Gee... why are the choices only limited to a 230SL or 280SL? In point of fact there's the venerable early & late 250SL's which reflect in verying degrees combinations of both.
There are for example, several features of the 280SL I don't like at all --- one piece wheels, for example.. a cost reduction item taken from the sedan's. The US DOT safety items for US export models forced the entire 280SL series to make the accomodating changes to several features ---- interior rear view mirror no longer chromed... no more visor mirror on the passenger side, modifications to the door handles, locks, and window cranks toned down and modified, hardtop handles now stored away instead of remaining with the hard-top, are just some of these changes.
I also don't like the sagging type door pocket on the 280SL's.... nor the all black heater/air control's --- no longer blue, red, clear ones which light up nicely when lights are on (if you've paid attention to the light bulbs inside the control unit). Of course, I also quite prefer the E-type's original toggle switches in the models before the '68's changed them ---- same reason as the 280SL... US Dot rules changed.... covered head light openings, and a host of other cosmetic items that were modified to the detriment of the E-type, imo, in '68 and even more-so beyond '68... of course I prefer the synchro in 1st gear, better seats, & deeper footwells in the later models but preceeding '68's.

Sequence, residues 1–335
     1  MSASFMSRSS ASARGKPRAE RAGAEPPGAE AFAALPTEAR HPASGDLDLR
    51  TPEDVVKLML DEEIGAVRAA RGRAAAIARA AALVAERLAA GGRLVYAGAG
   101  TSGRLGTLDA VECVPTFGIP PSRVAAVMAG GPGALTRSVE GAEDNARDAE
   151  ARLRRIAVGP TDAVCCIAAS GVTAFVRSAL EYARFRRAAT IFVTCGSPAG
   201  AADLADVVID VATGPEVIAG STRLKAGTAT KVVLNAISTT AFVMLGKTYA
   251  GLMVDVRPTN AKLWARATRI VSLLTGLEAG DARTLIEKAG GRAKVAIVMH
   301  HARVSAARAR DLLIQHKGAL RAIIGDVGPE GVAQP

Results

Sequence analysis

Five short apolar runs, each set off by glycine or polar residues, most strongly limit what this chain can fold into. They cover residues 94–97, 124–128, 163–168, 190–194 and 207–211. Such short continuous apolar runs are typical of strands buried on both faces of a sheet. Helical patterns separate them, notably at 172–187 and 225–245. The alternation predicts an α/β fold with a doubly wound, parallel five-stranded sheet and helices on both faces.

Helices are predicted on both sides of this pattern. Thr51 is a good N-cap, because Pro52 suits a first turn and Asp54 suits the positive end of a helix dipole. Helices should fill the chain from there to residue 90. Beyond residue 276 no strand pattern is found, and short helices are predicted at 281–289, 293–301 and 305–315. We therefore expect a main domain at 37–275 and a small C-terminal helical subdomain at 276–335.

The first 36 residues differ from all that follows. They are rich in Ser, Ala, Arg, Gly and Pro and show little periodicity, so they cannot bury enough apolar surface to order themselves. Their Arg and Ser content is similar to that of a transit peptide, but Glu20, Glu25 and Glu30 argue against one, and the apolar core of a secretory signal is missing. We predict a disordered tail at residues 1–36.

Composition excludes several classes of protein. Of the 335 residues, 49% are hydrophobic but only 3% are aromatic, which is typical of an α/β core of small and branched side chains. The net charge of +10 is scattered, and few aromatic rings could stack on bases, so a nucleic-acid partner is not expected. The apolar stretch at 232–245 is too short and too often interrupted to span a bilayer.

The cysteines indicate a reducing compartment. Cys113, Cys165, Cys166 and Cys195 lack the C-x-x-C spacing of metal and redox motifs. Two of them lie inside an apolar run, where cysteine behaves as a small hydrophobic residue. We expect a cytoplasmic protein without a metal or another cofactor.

I also don't like the side-light's on the later 250SL's and 280SL's which imo,take away from the clean lines ... interupting the visual appeal, and which feature was another of the US DOT safety related changes required.... though Italien export models required side reflectors much earlier... in '66 at least, if not even earlier ... so the Italian importers / dealers had to install the gov't mandated form --- little round ones a'la Fiat's in fact. ... unlit reflectors.
I hate the bumper guards, which were another of the '68 model year mandated US DOT requirements... not required on the '67 model year cars... nor incorporated into the 250SL's until late in the '67 build. I hated them when they were introduced due to the DOT rules in '68 and I hate them now, and if they were something of beauty then they would have endured thru time... but as we all know the public (US & of course Europe's) hated them, & the automobile industry found other ways eventually to meet the DOT rules without these awful looking 'bumper' guards.